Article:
Iraqi group demands cleric's release

A group claiming to have captured two Indonesian women in Iraq has said it will release them if Jakarta frees Muslim cleric Abu Bakr Bashir being held for alleged terrorist links.

    Bashir is awaiting trial for his alleged role in bomb attacks

    Al-Jaish al-Islami in al-Iraq (The Islamic Army in Iraq) said this in a statement to Aljazeera on Saturday.

    Indonesia said it was still trying to confirm that the captors were seeking the cleric's release in exchange for the women.

    "We are in the process of confirming the alleged demands through Aljazeera," Indonesian Foreign Ministry spokesman Marty Natalegawa said.

    The ministry identified the captives as Rosidah binti Anom and Rafikan binti Amin.

    The captors had earlier said they had seized 10 people - two Indonesians, six Iraqis and two Lebanese - working for British electronics company G-Bell.

    Presidential plea

    Indonesian President Megawati Sukarnoputri meanwhile  appeared on Aljazeera on Saturday to appeal for the release of the women.

    Megawati appealed to the captors
    to release the Indonesian women

    Megawati said there was no reason for the women to be held captive.

    She said: "I ask the captors personally, and in the name of the Indonesian Republic and the government, to free the hostages and let them return peacefully to their families.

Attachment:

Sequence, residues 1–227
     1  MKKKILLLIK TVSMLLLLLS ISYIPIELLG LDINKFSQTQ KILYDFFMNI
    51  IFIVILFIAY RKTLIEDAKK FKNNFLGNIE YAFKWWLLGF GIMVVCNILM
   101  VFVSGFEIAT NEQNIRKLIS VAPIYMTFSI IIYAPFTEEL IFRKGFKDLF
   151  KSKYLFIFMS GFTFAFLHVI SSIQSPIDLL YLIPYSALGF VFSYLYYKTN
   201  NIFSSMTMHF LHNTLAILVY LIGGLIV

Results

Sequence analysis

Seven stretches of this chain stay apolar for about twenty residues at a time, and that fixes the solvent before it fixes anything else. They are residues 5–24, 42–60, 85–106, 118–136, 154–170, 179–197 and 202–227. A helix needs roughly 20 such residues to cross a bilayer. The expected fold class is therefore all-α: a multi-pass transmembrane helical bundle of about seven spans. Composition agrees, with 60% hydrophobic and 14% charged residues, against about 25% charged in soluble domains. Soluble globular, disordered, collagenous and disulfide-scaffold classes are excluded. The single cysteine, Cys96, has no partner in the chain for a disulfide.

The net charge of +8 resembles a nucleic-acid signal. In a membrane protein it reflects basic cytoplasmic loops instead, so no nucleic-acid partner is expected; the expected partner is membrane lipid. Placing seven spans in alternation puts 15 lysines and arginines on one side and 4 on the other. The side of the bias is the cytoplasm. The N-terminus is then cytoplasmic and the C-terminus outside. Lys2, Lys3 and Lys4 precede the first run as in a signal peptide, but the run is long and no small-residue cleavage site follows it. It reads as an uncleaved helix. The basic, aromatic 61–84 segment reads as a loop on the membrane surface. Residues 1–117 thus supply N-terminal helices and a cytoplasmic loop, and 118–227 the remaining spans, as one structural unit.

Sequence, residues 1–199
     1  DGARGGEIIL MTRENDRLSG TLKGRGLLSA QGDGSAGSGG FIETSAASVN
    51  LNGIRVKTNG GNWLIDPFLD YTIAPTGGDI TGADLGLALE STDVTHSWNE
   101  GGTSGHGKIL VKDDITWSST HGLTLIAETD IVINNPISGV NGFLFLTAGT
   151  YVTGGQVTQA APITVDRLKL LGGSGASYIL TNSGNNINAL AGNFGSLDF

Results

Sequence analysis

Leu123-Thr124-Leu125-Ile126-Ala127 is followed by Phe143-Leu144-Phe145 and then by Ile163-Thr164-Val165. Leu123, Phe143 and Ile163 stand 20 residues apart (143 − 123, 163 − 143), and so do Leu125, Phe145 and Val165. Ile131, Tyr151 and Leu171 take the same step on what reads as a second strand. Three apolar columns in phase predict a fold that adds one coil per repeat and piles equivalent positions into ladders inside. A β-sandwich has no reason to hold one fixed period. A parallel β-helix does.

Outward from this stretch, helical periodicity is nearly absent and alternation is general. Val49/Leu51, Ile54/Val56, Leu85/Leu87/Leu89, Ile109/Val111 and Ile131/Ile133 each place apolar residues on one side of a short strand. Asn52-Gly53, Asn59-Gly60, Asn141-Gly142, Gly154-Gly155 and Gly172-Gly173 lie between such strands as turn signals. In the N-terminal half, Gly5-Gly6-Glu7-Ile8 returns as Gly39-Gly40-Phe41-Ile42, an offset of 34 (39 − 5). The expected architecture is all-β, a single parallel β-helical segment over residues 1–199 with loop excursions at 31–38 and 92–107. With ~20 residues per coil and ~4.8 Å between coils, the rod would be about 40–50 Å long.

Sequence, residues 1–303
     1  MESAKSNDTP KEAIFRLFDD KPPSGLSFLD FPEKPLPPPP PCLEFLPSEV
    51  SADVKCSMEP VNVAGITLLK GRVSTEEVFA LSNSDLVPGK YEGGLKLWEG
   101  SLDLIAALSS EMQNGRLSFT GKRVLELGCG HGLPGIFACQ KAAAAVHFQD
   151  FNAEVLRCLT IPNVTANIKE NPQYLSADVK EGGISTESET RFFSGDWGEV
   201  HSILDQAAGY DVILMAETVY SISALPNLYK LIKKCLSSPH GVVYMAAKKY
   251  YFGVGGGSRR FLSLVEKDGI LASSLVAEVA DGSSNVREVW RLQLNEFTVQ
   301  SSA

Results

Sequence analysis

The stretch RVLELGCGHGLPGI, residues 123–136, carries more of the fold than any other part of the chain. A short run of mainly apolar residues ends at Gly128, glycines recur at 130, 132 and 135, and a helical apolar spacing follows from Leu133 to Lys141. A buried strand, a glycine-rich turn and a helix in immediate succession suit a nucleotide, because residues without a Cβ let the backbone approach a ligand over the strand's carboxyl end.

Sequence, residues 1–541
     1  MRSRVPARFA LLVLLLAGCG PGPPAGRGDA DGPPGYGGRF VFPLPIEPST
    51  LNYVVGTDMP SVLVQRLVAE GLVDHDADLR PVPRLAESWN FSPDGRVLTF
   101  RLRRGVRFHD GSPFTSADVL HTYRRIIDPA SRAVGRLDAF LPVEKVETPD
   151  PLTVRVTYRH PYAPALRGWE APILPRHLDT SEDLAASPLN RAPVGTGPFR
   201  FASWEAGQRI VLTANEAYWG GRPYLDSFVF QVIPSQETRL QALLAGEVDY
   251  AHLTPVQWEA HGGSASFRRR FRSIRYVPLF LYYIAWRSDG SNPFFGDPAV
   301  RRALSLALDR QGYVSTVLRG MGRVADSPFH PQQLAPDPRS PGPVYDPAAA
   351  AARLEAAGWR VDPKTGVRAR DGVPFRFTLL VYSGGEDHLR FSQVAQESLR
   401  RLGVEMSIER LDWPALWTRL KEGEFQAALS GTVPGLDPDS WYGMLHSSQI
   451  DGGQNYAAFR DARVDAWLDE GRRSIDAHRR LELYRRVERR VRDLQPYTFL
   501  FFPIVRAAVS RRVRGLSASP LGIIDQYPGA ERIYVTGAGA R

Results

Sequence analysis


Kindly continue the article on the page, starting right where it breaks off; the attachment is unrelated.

"The holy month of Ramadan is approaching and we all strive to purify our hearts and tolerate one another. I hope that my request is acceptable."

    In their statement to Aljazeera the captors said the Indonesian government arrested Abu Bakr Bashir to please the Australian government.

    The cleric had last month told the Indonesian Rakyat Merdeka daily in an interview that a bomb attack on the Australian embassy in Jakarta on 9 September had been part of a US and Australian conspiracy to divide Muslims.


    Bashir is the focus of an ongoing
    police investigation

    "Bashir has refused the proposal of the Islamic Army in Iraq of freeing the Indonesian captors in exchange of his release by the Indonesian government," said Aljazeera's reporter in Jakarta, Uthman al-Batiri.

    "Bashir himself said that it was not acceptable that a Muslim party held Muslim women as a reason to free him.

    "Bashir rejected this situation strongly and pleaded them to free the Indonesian women.

    "Bashir addressed the captors to concentrate on their problems in Iraq as he did not need their help," al-Batiri said.

    Bashir, who is in detention before a trial that will also focus on his alleged leadership of Jemaah Islamiyah, condemned the recent Australian embassy bombing and said the attacks could not be justified.

    Bashir was cleared last year of heading the al-Qaida linked Jemaah Islamiyah, but was rearrested in April immediately after completing a sentence for other offences. Police say they have new evidence that he leads the group.

    SOURCE: Aljazeera + Agencies


    How different voting systems work around the world

    How different voting systems work around the world

    Nearly two billion voters in 52 countries around the world will head to the polls this year to elect their leaders.

    How Moscow lost Riyadh in 1938

    How Moscow lost Riyadh in 1938

    Russian-Saudi relations could be very different today, if Stalin hadn't killed the Soviet ambassador to Saudi Arabia.

    The peace games: Dreaming big for South Sudan's youth

    The peace games: Dreaming big for South Sudan's youth

    A relatively new independence and fresh waves of conflict inspire a South Sudanese refugee to build antiwar video games.